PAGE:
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Is there no remedy ?
But is there any?
Perpetual durance ?
But in what nature ? Isab. In such a one as (you consenting to't) Would bark your honour' from that trunk you
bear, And leave you naked. Claud.
Let me know the point. Isab. O, I do fear thee, Claudio; and I quake, Lest thou a feverous life should'st entertain, And six or seven winters more respect Than a perpetual honour. Dar'st thou die ? The sense of death is most in apprehension;
vines, and have all charitable preparation." The King in Hamlet, who was cut off prematurely, and without such preparation, is said to be dis-appointed. Appointment, however, may be more simply explained by the following passage in The Antipodes, 1638:
“ Is decently appointed." i. e. prepared, furnished. Steevens.
The latter and more simple explanation agrees better with the context, “ To-morrow you set on." BosweLL. 7 Though all the world's vastidity -] The old copy
reads Through all, &c. Corrected by Mr. Pope. MALONE. 8 - a restraint
To a determin'd scope.] A confinement of your mind to one painful idea ; to ignominy, of which the remembrance can neither be suppressed nor escaped. JOHNSON.
9 Would Bark your honour -] A metaphor from stripping trees of their bark. Dovce.
And the poor beetle, that we tread upon,
Why give you me this shame ?
father's grave Did utter forth a voice! Yes, thou must die: Thou art too noble to conserve a life In base appliances. This outward-sainted deputy,— Whose settled visage and deliberate word Nips youth i'the head, and follies doth enmew?, As falcon doth the fowl *,-is yet a devil ;
I - the poor beetle, &c.] The reasoning is, that death is no more than every being must suffer, though the dread of it is peculiar to man;' or perhaps, that we are inconsistent with ourselves, when we so much dread that which we carelessly inflict on other creatures, that feel the pain as acutely as we. Johnson.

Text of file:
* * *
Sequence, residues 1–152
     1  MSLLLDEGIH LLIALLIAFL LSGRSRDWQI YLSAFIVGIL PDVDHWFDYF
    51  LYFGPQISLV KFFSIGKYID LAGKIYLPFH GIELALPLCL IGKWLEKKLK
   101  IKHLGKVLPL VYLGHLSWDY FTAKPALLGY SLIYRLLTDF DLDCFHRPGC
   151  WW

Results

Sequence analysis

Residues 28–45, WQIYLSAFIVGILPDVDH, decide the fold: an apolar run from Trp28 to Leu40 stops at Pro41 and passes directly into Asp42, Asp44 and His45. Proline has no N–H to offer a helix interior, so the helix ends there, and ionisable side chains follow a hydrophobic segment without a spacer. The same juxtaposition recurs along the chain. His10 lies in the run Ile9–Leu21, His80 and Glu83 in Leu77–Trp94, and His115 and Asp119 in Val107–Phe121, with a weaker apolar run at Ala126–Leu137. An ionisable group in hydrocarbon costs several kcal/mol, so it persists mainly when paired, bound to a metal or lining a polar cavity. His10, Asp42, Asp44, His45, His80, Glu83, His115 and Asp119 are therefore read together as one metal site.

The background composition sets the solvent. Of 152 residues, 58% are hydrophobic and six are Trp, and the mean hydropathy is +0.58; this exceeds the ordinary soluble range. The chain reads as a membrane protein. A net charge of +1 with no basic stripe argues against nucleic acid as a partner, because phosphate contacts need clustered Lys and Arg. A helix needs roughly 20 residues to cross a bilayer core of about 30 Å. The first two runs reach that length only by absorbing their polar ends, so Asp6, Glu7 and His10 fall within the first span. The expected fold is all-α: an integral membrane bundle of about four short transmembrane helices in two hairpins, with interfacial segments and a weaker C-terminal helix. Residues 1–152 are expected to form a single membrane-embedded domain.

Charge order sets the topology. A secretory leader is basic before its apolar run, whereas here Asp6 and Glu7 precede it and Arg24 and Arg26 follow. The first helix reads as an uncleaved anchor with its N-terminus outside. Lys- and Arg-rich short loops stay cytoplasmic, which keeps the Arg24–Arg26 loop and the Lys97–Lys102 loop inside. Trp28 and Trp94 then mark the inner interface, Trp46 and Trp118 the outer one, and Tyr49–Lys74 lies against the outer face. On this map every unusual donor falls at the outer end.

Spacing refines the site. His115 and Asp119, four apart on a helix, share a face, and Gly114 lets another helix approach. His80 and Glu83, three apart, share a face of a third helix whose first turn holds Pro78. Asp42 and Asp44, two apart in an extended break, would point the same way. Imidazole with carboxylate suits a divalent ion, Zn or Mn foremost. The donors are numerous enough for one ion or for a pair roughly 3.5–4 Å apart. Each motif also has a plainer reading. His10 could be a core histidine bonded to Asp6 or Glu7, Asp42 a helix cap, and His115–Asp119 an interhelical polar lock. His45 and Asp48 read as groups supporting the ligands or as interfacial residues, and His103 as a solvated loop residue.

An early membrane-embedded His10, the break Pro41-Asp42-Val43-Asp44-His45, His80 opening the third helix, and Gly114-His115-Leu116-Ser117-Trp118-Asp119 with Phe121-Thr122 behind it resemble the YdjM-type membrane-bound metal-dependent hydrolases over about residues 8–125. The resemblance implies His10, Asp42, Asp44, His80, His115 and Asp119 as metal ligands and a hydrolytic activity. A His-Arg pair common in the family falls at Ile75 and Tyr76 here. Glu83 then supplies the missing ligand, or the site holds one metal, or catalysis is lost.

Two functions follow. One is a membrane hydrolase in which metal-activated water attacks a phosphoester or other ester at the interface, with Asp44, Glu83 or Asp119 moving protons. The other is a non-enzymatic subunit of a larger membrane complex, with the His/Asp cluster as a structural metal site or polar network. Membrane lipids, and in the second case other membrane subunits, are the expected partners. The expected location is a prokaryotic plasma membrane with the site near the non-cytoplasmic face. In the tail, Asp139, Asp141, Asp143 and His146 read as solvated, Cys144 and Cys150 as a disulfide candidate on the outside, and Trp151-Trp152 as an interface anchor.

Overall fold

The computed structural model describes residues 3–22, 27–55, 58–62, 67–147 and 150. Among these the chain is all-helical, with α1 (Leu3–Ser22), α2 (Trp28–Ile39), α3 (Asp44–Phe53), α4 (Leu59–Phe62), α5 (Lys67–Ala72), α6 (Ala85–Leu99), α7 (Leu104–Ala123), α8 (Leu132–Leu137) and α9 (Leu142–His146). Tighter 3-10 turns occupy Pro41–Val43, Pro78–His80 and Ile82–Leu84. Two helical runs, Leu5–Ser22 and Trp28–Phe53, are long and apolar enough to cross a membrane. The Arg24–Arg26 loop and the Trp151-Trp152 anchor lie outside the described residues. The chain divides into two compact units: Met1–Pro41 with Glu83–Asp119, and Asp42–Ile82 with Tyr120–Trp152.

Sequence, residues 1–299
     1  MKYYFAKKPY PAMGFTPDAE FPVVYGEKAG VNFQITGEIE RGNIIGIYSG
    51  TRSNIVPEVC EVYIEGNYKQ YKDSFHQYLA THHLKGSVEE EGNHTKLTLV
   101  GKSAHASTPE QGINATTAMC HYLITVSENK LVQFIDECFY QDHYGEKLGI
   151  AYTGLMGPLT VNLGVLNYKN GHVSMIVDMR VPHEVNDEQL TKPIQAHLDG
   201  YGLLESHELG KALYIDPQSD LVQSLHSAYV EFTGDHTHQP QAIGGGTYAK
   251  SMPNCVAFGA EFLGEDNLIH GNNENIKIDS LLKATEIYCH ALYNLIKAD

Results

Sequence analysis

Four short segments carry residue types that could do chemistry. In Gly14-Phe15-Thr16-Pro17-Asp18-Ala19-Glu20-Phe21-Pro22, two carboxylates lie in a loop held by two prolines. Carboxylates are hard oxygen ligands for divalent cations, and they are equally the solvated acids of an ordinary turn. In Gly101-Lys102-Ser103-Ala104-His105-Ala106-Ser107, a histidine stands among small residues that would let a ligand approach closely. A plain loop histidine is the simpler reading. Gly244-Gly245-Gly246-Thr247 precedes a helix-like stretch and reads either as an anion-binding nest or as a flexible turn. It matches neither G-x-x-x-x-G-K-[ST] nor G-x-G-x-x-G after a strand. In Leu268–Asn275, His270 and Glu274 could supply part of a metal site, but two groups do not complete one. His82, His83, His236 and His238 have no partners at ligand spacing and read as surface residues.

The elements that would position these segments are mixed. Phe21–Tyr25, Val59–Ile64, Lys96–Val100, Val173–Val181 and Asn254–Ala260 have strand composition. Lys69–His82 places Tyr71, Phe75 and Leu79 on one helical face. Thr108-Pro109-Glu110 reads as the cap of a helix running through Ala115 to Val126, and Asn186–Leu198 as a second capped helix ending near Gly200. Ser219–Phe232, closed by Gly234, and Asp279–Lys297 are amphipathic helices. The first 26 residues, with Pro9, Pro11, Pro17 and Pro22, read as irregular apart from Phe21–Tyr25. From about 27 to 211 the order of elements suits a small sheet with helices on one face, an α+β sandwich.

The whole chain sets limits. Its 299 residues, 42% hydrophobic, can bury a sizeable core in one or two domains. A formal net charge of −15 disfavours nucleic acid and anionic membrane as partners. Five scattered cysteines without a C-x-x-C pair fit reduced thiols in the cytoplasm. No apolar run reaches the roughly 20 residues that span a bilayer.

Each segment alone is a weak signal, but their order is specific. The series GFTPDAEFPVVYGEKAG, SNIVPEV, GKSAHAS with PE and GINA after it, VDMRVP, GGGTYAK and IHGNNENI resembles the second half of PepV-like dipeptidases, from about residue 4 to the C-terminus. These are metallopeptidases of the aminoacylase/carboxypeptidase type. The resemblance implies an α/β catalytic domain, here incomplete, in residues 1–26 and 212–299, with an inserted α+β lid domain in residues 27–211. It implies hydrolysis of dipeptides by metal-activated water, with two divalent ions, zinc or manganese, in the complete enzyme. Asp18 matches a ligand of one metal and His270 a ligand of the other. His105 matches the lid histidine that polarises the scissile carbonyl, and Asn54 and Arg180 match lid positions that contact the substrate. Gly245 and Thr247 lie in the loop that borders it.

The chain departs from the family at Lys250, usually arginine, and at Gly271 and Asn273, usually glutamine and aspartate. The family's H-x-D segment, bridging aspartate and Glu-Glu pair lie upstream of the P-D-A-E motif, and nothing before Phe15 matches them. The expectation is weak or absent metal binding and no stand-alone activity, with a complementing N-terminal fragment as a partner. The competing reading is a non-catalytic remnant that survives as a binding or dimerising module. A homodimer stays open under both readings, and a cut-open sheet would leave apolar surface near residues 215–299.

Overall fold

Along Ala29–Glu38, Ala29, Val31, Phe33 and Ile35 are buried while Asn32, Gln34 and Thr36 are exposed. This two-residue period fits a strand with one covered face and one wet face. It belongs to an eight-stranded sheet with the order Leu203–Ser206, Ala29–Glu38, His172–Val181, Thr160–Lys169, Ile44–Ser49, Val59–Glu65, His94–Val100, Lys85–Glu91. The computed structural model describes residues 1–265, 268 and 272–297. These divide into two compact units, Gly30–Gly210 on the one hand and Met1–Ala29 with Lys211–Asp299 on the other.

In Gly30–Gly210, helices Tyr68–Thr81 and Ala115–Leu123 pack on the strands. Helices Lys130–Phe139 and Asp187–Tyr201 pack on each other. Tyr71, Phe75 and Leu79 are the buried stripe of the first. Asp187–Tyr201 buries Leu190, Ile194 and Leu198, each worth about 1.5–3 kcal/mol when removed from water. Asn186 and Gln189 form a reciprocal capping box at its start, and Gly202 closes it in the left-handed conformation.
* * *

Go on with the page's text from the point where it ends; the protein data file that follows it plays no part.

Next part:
The meaning is-fear is the principal sensation in death, which has no pain ; and the giant, when he dies, feels no greater pain than the beetle. This passage, however, from its arrangement, is liable to an opposite construction, but which would totally destroy the illustration of the sentiment. Douce.
2 I will encounter darkness as a bride,
And hug it in mine arms.) So, in the First Part of Jeronimo, or the Spanish Tragedy, 1605:
“ 'Tis she I hug as mine effeminate bride." STEEVENS. Again, in Antony and Cleopatra :
I will be
“ As to a lover's bed." Malone. 3 — follies doth Enmew,] Forces follies to lie in cover, without daring to show themselves. Johnson.
4 As falcon doth the fowl,] In whose presence the follies of youth are afraid to show themselves, as the fowl is afraid to flutter while the falcon hovers over it.
So, in The Third Part of King Henry VI. :
His filth within being cast“, he would appear
The princely Angelo ?
- not he that loves him best,
“ Dares stir a wing, if Warwick shakes his bells." To enmew is a term in falconry, also used by Beaumont and Fletcher, in the Knight of Malta :
I have seen him scale,
Steevens. s His filth within being cast,] To cast a pond is to empty it of mud. Mr. Upton reads :
“ His pond within being cast, he would appear
• A filth as deep as hell.” Johnson. 6 The PRINCELY Angelo ?
PRINCELY guards!)The stupid editors, mistaking guards for satellites, (whereas it here signifies lace,) altered priestly, in both places, to princely. Whereas Shakspeare wrote it priestly, as appears from the words themselves :
"Tis the cunning livery of hell,
“With priestly guards." In the first place we see that guards here signifies lace, as referring to livery, and as having no sense in the signification of satellites. Now priestly guards means sanctity, which is the sense required. But princely guards means nothing but rich lace, which is a sense the passage will not bear. Angelo, indeed, as deputy, might be called the princely Angelo: but not in this place, where the immediately preceding words of